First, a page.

Abstract

Purpose

Organizations send their employees for international assignments so as to develop their international working experiences, their global knowledge and skills. These employees are then expected to return to their home countries (hereof known as repatriates) to share their newly gained knowledge or skills with their colleagues. This practice would benefit the organization's performance to some extent. Nonetheless, past literature had pointed out that many of such repatriates tend to leave their respective organizations as a result of not being able to fully utilize their newly acquired knowledge and skills, which led them to perceive that they were overqualified. This occurrence could lead to a loss of valuable knowledge for their organization. Aiming to address this issue at hand, the current study focuses on examining of the antecedents that could influence these repatriates' knowledge sharing behaviour.

Design/methodology/approach

This paper uses a research framework which was developed from three aspects of interest–perceived overqualification, affective commitment and the moderating effect of repatriation support practices on knowledge sharing behaviour of repatriates. Structural model analysis was carried out to assess 152 useable data which were collected from returning corporate repatriates in Malaysia. The SmartPLS 3.0 software was applied.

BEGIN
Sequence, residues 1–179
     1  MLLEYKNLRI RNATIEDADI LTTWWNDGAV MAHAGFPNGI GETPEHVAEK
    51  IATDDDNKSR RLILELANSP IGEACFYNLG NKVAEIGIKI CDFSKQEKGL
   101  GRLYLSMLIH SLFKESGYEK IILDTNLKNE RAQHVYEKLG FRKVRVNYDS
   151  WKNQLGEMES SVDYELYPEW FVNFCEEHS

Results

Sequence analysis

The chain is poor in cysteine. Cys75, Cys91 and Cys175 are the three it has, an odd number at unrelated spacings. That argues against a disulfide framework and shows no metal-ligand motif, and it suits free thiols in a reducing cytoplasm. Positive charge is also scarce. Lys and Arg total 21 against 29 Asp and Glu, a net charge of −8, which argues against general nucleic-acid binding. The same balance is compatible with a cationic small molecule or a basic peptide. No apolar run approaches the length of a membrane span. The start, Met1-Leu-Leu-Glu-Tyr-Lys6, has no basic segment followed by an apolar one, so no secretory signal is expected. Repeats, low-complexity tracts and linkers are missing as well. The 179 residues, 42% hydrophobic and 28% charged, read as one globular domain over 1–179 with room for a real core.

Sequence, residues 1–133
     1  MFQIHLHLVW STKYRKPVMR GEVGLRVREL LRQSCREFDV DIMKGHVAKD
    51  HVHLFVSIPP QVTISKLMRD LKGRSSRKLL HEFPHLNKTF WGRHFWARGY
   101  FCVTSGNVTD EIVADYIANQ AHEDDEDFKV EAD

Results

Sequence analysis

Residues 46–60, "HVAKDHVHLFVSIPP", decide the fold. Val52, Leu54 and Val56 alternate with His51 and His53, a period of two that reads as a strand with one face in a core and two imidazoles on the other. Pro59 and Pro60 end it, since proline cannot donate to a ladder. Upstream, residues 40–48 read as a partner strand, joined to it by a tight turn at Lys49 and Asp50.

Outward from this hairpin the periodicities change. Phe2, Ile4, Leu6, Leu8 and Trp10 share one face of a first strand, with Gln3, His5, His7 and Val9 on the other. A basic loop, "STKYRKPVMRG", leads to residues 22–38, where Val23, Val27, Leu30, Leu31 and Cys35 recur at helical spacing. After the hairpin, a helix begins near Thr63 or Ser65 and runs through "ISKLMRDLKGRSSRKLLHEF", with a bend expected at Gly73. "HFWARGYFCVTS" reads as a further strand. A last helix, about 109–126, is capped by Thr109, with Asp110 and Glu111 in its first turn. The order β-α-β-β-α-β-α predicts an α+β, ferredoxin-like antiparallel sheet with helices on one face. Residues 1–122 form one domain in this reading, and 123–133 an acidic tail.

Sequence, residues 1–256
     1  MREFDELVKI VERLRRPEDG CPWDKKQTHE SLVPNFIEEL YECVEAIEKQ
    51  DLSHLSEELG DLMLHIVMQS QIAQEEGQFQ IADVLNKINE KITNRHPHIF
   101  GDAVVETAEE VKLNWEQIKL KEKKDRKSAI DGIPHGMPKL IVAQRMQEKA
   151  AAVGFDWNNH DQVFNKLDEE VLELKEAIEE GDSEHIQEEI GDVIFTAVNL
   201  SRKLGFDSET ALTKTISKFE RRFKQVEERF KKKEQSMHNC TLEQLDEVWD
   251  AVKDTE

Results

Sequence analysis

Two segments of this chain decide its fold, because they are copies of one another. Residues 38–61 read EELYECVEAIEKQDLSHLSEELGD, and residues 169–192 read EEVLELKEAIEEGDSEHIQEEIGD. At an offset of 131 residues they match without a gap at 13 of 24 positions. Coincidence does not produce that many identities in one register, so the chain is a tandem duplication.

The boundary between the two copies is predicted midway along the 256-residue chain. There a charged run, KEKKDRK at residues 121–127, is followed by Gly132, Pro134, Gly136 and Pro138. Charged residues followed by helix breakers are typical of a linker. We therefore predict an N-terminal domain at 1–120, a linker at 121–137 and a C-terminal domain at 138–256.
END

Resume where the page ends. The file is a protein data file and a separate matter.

Findings

Repatriates with highly perceived overqualifications tend to exhibit low affective commitment. The impact of their perceived overqualification on knowledge sharing behaviour was fully mediated by their affective commitment. Repatriation support practice was found to strengthen the positive relationship between affective commitment and knowledge sharing behaviour.

Originality/value

The use of the relative deprivation theory showed that the outcome derived from this study could serve as an insight for organizations to understand how those repatriates' perception of overqualification influences their level of affective commitment, and subsequently, the extent to which they share knowledge upon returning.

Details

Journal of Global Mobility: The Home of Expatriate Management Research, vol. ahead-of-print no. ahead-of-print
Type: Research Article
ISSN: 2049-8799

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Article
Publication date: 18 December 2019

Sanat Kozhakhmet, Sharmila Jayasingam, Nauman Majeed and Samia Jamshed